Aether Helix is a cool card, and it hysterically loops with Pillardrop Warden if you have infinite mana. It’s a bit too clunky to take here, but as a little hint, in the deck I ended up drafting, Aether Helix was pretty awesome and I did loop Pillardrop Warden to win a game where I flooded. And, funnily, it ended up better in my deck than Zimone was.
I took Zimone, Quandrix Prodigy here but it was a mistake. The card is a powerful late-game engine, and it’s good in most Quandrix decks. However, given the context of my pool, that’s just not what I needed. Codie, Vociferous Codex and Plargg, Dean of Chaos both fill the “mana sink for card advantage” role, and I just don’t need another card like that. I’ll win any game that goes long, so it’s much more important to have cards that help facilitate interaction, mana, winning the game, or protection from my opponent curving out. Zimone just doesn’t do that.
Realistically, this pick is between Elemental Summoning as a solid Lesson (especially if I get Field Trip), Elemental Masterpiece as a great win condition to splash, and Campus Guide to help fix my mana and trade with early creatures. Without the fixing locked up yet, I think taking Masterpiece is a little greedy. Furthermore, given my manabase, I think it’s more likely that the first Lesson I grab will be Environmental Sciences (if I get it). With that in mind, It will likely be later in the game when I get my creature Lesson, and I already have Fractal Summoning to play that role. Because of this, I believe the correct pick is Campus Guide, which also has the benefit of really helping me out in the world where I don’t see Environmental Sciences.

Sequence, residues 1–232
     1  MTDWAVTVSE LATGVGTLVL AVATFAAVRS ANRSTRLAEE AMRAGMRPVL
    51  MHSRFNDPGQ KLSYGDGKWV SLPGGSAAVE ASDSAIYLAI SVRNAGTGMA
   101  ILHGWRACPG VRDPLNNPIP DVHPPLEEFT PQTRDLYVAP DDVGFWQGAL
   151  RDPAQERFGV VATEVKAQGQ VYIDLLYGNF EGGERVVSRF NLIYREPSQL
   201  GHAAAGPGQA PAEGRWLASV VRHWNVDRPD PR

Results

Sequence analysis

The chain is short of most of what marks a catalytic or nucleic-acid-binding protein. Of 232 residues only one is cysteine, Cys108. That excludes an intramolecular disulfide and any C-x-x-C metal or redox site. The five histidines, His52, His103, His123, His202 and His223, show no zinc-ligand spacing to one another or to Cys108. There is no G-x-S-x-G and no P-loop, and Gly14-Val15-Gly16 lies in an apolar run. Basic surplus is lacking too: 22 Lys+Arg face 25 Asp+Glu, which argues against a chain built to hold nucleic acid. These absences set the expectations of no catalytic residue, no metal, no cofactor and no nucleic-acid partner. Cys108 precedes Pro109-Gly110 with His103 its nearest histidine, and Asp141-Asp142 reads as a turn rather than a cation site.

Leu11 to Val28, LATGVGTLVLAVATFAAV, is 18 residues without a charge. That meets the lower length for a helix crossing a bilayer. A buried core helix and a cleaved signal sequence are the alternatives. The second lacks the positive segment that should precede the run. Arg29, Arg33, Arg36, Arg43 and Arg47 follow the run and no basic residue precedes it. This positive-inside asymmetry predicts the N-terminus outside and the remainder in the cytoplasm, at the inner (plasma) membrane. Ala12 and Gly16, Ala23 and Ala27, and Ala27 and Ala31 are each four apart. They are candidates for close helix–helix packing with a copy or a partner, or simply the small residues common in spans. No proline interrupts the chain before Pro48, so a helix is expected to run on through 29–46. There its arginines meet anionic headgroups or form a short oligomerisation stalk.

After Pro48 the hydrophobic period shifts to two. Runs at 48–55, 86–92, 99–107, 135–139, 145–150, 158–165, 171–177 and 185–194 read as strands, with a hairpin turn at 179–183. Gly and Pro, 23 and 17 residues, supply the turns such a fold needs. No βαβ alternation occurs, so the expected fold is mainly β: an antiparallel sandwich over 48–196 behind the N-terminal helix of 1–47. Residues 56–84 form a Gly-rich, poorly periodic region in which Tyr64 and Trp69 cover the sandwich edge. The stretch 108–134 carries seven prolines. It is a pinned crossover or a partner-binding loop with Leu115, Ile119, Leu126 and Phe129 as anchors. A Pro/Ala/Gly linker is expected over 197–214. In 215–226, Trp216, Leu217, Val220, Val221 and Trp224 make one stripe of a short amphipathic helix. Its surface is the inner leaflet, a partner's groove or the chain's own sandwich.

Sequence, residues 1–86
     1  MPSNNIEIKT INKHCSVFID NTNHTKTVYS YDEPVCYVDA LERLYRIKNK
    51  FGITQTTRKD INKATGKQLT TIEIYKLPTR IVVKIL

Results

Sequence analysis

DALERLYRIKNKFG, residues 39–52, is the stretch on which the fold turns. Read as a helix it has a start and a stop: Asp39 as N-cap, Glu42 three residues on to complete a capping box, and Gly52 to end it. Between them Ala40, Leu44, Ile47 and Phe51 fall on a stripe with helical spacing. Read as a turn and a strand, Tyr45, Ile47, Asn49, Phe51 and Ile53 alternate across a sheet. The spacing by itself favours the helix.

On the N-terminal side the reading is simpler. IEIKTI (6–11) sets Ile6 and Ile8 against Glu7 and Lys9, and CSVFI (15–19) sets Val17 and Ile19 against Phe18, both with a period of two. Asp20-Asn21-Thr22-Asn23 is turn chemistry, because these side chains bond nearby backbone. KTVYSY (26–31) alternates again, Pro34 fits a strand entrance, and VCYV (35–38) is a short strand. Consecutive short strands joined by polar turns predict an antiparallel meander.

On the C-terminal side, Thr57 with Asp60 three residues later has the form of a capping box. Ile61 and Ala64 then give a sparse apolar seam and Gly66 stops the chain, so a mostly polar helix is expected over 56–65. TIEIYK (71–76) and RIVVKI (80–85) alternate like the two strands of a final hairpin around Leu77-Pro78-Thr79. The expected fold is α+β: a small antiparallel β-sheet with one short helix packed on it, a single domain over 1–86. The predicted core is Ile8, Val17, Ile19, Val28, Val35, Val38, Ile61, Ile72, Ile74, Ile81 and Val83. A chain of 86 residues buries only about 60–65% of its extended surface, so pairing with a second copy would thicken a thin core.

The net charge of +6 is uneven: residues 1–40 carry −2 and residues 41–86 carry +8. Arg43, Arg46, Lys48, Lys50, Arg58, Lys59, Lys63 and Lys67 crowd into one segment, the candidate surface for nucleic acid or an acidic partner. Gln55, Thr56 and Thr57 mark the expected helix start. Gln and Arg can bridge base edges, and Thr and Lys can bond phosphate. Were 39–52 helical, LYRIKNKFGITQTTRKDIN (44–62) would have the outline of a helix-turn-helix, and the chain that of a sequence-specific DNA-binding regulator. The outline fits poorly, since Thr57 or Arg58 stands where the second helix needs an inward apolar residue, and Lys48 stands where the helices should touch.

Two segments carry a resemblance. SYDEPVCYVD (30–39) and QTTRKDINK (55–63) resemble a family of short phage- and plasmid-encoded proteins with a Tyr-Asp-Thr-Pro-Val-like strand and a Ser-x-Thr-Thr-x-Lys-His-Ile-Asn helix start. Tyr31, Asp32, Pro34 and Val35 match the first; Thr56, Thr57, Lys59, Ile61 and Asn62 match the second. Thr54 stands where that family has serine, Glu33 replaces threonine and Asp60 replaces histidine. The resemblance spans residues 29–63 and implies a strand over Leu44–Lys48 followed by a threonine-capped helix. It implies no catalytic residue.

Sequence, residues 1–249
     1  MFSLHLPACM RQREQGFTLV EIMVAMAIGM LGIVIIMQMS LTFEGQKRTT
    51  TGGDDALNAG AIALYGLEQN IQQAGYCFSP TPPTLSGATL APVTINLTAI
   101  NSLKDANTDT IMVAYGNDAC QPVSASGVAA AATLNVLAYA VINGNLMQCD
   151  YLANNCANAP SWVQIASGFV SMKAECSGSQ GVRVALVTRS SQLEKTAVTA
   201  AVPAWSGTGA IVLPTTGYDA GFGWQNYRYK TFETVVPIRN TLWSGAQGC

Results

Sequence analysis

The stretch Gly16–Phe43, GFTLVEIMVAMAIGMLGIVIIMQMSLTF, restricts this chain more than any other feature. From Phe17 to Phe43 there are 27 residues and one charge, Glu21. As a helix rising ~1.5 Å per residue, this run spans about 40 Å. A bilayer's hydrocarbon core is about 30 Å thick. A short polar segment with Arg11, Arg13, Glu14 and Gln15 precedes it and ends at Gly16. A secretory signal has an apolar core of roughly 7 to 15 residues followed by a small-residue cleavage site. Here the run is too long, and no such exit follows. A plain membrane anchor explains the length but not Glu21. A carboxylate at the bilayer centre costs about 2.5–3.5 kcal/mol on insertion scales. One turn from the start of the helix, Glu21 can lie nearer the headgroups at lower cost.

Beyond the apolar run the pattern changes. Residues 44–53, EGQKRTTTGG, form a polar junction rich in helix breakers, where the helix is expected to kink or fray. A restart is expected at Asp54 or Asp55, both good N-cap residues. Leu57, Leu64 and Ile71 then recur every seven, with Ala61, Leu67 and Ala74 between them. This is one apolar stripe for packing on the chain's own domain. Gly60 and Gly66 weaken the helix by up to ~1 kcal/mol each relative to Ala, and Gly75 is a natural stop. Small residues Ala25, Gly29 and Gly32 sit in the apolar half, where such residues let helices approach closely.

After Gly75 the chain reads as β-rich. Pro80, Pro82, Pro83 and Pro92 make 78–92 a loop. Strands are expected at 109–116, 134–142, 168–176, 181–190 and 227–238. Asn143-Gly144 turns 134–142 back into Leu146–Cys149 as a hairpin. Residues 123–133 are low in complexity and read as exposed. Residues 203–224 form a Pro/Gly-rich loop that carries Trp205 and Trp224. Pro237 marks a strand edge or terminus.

Pack 2, Pick 5
The Picks So Far:
This pick is actually quite tricky. I think a lot of players would take Divide by Zero here, as it’s the best card in the pack and I’m a bit shy on cards with the learn mechanic. However, I took Eureka Moment. Let’s get into why.
If I could pick two cards from this pack to take, they would be Divide by Zero and Serpentine Curve. If that wasn’t an option, I’m pretty sure the next-best set of options is Eureka Moment and Serpentine Curve. Basically, Eureka Moment is a hedge that I believe maximizes the probability I get that second option. If there’s another blue drafter that may want a Serpentine Curve, they will probably rather take Divide by Zero or Fractal Summoning anyway.
Maybe I can get away with taking Divide by Zero, and wheeling either Serpentine Curve or Eureka Moment. The Prismari Pledgemage in this pack helps in that department, because a Prismari deck may need to take the cheap creature over Serpentine Curve for their curve. But my logic is that I think taking Eureka Moment maximizes the probability that I end up with two great cards for my deck rather than only one great card. And it’s not like Eureka Moment is that much worse than Divide by Zero (it’s quite close once you’re Quandrix).
Lastly, I want to address if you’re surprised that I’m putting so much stock on Serpentine Curve. I currently have it as the second-best blue common and a card many of my blue decks want in multiples. It’s especially important with Codie — that way I have high-impact creatures that I can cascade into or just cast while I have Codie on the battlefield.
As I intended, the Serpentine Curve wheeled. This eventually ended up yielding one of the sweetest decks I will ever draft, thanks to a Pack 3, Pick 1 Time Warp. The deck was hard to build, but this is what I ended up on and I took a lot of extra turns. While I’m sad it didn’t get the trophy, I’m also confident that it could have, especially if I had just taken that Campus Guide.
If you think you’ve drafted a sweeter Quandrix deck, Tweet it at me!